Although these are only a few ways in which storytelling can be incorporated into your recruiting strategy, these are all easy places to start.

 

Be authentic:

When executed correctly, storytelling is innately engaging and relatable. But, often, we confuse these qualities with authenticity. Here’s the issue: If something seems manufactured, too good to be true, or exaggerated, it’s usually pretty obvious. There’s no way to fake authenticity—the only way to appear authentic is to be authentic.

 

This means, as a recruiter, you can’t gloss over less interesting details or sterilize certain aspects of your company. Your candidates will notice and your storytelling will have the opposite of its intended effect. Instead of painting a picture of the ideal role or company, we recommend you paint a realistic picture. Yes, this may mean admitting certain aspects are boring or thankless, but high-quality candidates appreciate honesty.

 

Consider your audience:

The key to successful storytelling is to understand your audience and craft a tale that relates to them on some level. Your candidates want to hear stories that pertain to their particular life story, not someone else’s.

When it comes to diversity and inclusion, this is particularly important. Think about your business website, career page, social media accounts, or any other recruiting platform you utilize. If you only use images or language that speak to a particular demographic, department, age group, or gender, you immediately cut certain groups out of your story. Take a long hard look at your recruiting strategies and ask yourself, “Who do my stories speak to?”

 

Always be mindful of your audience.

 

Know there’s an appropriate time and place for storytelling:

Storytelling is an effective tactic in almost any scenario, but only if you read the mood correctly and tell an appropriate story. Again, your candidates don’t want to listen to a story that doesn’t apply to them. A poorly timed story will tell the person on the receiving end that you aren’t listening, you don’t understand, or even worse, you just don’t care.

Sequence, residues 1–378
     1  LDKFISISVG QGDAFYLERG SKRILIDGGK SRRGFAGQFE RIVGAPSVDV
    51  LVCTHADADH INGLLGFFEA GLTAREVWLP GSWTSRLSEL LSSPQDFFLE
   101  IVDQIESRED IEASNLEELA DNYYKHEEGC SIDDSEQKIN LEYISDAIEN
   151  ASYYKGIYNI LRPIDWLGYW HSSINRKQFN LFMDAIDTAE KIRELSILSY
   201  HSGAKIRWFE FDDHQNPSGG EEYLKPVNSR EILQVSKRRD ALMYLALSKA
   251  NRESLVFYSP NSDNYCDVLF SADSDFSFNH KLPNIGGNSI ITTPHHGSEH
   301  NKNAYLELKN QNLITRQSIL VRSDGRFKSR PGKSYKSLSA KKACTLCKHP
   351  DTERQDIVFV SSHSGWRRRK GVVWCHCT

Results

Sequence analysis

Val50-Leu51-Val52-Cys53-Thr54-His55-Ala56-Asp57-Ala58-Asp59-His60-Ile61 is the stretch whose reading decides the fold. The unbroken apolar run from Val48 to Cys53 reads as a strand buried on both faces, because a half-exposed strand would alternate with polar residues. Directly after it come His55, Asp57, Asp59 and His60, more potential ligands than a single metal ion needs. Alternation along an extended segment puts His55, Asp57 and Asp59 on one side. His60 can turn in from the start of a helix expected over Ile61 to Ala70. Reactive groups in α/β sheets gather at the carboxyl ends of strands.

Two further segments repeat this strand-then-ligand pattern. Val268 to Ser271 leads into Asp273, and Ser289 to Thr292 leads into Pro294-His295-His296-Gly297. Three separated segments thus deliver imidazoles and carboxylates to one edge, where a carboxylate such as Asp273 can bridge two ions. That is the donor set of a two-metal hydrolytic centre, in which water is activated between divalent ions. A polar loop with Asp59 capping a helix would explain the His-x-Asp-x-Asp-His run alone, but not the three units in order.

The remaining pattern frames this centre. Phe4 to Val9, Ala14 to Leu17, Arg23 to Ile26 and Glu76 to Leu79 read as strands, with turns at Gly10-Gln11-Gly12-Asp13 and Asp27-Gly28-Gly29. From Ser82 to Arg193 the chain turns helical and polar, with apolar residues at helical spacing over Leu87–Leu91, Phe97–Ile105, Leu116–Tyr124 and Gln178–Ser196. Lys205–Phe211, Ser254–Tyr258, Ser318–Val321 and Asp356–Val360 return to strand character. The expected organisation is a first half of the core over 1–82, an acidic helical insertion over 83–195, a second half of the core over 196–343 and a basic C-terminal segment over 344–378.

Let’s look at an example: A recent college grad applies to a manager role within your company. Although he seems extremely bright, he lacks the managerial experience you’re looking for. When it’s time to reconnect with the candidate and let him know he didn’t get the job, it would be inappropriate and condescending to tell the story of how you landed your dream job after only one interview.

Instead, it’s appropriate to tell the story of a current employee who was originally turned away by hiring managers, but subsequently hired in a different, more appropriate role. This second story leaves the candidate hopeful and keeps the door open for future opportunities—preserving his opinion of your brand as an employer.

 

 

Key Takeaways

Recruiting is all about human connections. Fortunately, storytelling facilitates human connection in a way no other communication tactic can. So, if you’re struggling to recruit and retain top talent, try out some of these tips and tricks and let us know how they work for you!

 

About the Author: Molly Clarke is a Senior Marketing Manager at ZoomInfo, where she writes for their B2B blog. ZoomInfo is a leading USA business database which helps organizations accelerate growth and profitability. In her free time, Molly likes to write about topics related to marketing and business.